John Jeremiah Sullivan

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John Jeremiah Sullivan (born 1974) is an American writer, musician, teacher, and editor. He is a contributing writer for The New York Times Magazine, a contributing editor of Harper's Magazine, and the southern editor of The Paris Review. In 2014, he edited The Best American Essays, a collection in which his work has been featured in previous years. He has also served on the faculty of Columbia University, Sewanee: The University of the South, and other institutions.

John Jeremiah Sullivan, in Havana, Cuba. Photo by his daughter Maria.


Sullivan was born in Louisville, Kentucky to Mike Sullivan, a sportswriter. His mother is an English professor. He earned his degree in 1997 from The University of the South, in Sewanee, Tennessee.

His first book, Blood Horses: Notes of a Sportswriter's Son, was published in 2004. It is part personal reminiscence, part elegy for his father, and part investigation into the history and culture of the thoroughbred racehorse.[1]

His second book, Pulphead: Essays (2011),[2] is an anthology of fourteen previously published magazine articles, with most of them "in substantially different form"[3] for the book.

Sullivan's essay "Mister Lytle: An Essay," originally published in The Paris Review, won a number of awards, including a National Magazine Award, and was anthologized in Pulphead.[4] Sullivan recounts how he lived with Andrew Nelson Lytle, when Lytle was in his 90s, helping him with house chores and learning some wisdom about writing and life.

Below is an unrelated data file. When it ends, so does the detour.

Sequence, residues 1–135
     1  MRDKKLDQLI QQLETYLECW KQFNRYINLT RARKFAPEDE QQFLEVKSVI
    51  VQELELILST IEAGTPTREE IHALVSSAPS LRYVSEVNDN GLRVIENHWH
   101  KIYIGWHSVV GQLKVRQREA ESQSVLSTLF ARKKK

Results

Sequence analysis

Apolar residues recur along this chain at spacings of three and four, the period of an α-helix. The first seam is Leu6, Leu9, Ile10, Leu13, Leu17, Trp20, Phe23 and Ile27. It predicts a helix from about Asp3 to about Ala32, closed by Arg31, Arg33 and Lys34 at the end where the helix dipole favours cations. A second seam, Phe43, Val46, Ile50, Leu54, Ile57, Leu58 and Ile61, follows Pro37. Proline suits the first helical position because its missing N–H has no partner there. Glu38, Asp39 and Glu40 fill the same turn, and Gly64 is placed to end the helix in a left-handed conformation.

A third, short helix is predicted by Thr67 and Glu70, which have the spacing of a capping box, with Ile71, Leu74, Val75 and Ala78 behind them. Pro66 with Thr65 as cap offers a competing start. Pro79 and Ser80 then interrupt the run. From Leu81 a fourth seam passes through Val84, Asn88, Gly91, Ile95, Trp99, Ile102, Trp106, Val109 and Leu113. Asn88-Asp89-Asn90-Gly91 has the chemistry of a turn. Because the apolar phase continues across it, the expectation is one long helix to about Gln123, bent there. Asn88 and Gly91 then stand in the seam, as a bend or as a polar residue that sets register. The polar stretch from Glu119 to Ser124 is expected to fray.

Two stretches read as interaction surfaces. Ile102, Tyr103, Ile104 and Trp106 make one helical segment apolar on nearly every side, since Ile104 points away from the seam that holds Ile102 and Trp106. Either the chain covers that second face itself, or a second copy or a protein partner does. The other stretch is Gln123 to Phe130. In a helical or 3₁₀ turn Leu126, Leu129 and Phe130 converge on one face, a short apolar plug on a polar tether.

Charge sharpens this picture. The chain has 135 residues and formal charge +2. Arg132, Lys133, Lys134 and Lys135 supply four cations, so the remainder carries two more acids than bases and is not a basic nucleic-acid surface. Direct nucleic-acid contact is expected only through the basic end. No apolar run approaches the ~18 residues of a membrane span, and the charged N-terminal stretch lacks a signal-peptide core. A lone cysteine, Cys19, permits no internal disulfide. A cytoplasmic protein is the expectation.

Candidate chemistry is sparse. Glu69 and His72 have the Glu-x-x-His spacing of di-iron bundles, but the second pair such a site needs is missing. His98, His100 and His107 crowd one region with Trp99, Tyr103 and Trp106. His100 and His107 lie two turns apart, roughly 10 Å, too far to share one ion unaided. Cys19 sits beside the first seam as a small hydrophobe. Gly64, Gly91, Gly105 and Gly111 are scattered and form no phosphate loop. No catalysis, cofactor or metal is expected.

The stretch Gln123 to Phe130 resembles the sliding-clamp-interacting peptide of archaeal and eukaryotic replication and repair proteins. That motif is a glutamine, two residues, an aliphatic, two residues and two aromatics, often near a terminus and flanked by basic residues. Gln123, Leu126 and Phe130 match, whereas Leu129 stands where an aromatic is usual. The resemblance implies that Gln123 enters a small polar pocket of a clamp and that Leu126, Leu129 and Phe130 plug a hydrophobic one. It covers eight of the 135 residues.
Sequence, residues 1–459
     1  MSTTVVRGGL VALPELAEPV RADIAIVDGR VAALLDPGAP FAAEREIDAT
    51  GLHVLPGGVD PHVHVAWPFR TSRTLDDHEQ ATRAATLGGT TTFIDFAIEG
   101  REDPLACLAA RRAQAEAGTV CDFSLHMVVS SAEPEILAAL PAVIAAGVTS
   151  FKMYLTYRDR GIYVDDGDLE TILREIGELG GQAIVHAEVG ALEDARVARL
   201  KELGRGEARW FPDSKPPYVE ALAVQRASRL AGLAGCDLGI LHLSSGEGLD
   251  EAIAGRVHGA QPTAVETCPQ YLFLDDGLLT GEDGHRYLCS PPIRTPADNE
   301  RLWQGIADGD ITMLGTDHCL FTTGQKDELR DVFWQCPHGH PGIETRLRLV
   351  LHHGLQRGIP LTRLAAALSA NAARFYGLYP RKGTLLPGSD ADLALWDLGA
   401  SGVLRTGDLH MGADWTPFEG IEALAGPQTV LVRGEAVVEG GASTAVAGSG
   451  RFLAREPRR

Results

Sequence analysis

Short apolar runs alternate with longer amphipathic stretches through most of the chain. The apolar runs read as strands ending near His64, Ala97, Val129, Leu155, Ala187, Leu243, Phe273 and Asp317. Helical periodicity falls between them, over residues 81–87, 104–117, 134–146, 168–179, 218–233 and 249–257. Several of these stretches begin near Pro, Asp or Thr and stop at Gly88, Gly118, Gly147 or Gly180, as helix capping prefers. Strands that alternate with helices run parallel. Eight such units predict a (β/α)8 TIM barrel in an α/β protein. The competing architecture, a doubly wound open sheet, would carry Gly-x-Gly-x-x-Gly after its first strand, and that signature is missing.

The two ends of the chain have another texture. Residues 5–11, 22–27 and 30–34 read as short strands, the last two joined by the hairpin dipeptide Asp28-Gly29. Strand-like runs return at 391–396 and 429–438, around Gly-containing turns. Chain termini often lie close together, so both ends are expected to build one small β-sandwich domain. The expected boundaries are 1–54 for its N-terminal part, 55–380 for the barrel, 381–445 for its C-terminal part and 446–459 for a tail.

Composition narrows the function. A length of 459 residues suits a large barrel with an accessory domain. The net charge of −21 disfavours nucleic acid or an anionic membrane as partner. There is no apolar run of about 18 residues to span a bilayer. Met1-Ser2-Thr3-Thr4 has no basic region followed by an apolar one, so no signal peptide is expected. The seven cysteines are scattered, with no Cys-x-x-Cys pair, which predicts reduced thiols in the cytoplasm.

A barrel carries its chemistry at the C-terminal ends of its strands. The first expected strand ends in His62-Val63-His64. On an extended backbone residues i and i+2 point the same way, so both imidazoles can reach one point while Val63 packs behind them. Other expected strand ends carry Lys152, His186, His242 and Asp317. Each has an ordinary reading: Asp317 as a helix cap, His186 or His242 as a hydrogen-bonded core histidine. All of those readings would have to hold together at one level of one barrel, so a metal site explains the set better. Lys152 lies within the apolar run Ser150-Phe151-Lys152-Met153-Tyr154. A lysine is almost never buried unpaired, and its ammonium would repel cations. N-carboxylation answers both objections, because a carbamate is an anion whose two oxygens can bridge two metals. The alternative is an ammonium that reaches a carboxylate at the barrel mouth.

His original music appears on the self-titled album Life of Saturdays.

In 2017, he helped lead a small group of 8th-grade students on a scavenger hunt to resurrect lost copies of The Daily Record, the African–American newspaper at the center of a white supremacist coup d'état and massacre that occurred in his adopted home town of Wilmington, NC, in 1898.[5] He and his team located seven total copies, all of which are now digitized and available for view via the N.C. Digital Heritage Project.

In 2019, the New Yorker published Sullivan's novella, "Mother Nut," on its website.[6][7]

Sullivan is married to Dr. Mariana Johnson, a film scholar and professor.[8] They have two daughters.

John Jeremiah Sullivan at 6 years old in Lexington, Kentucky




  • Blood horses : notes of a sportswriter's son. New York: Farrar, Straus & Giroux. 2004.
  • Pulphead: Essays, Farrar, Straus & Giroux, 2011.

Essays and reporting[edit]

The New Yorker
Harper's Magazine
New York Magazine
The New York Times Magazine
The Paris Review

The Oxford American

The Yale Review


  1. ^ Tait, Theo (March 21, 2013). "Blood Horses by John Jeremiah Sullivan – review". The Guardian. ISSN 0261-3077. Retrieved May 11, 2020.
  2. ^ "Pulp Fever", Daniel Riley, GQ, November 3, 2011.
  3. ^ Pulphead, Copyright page, front matter.
  4. ^ Rudick, Nicole (May 10, 2011). "The Paris Review Wins National Magazine Award". The Paris Review. Retrieved May 11, 2020.
  5. ^ "Middle Schoolers Help Transcribe, Digitize Rare Historical Newspapers". Retrieved May 26, 2019.
  6. ^ Berrett, Trevor (December 25, 2019). "John Jeremiah Sullivan: Mother Nut". The Mookse and the Gripes. Retrieved May 11, 2020.
  7. ^ Sullivan, John Jeremiah. ""Mother Nut"". The New Yorker. Retrieved May 11, 2020.
  8. ^ WECT Staff. "Two new film-related master's programs at UNCW now accepting applications". Retrieved May 11, 2020.
  9. ^ "Prize Citation for John Jeremiah Sullivan". Windham–Campbell Literature Prize. February 24, 2015. Retrieved February 25, 2015.
  10. ^ "2016 Whiting Creative Nonfiction Grantee: John Jeremiah Sullivan". Retrieved January 24, 2018.
  11. ^ Online version is titled "Rhiannon Giddens and what folk music means".

External links[edit]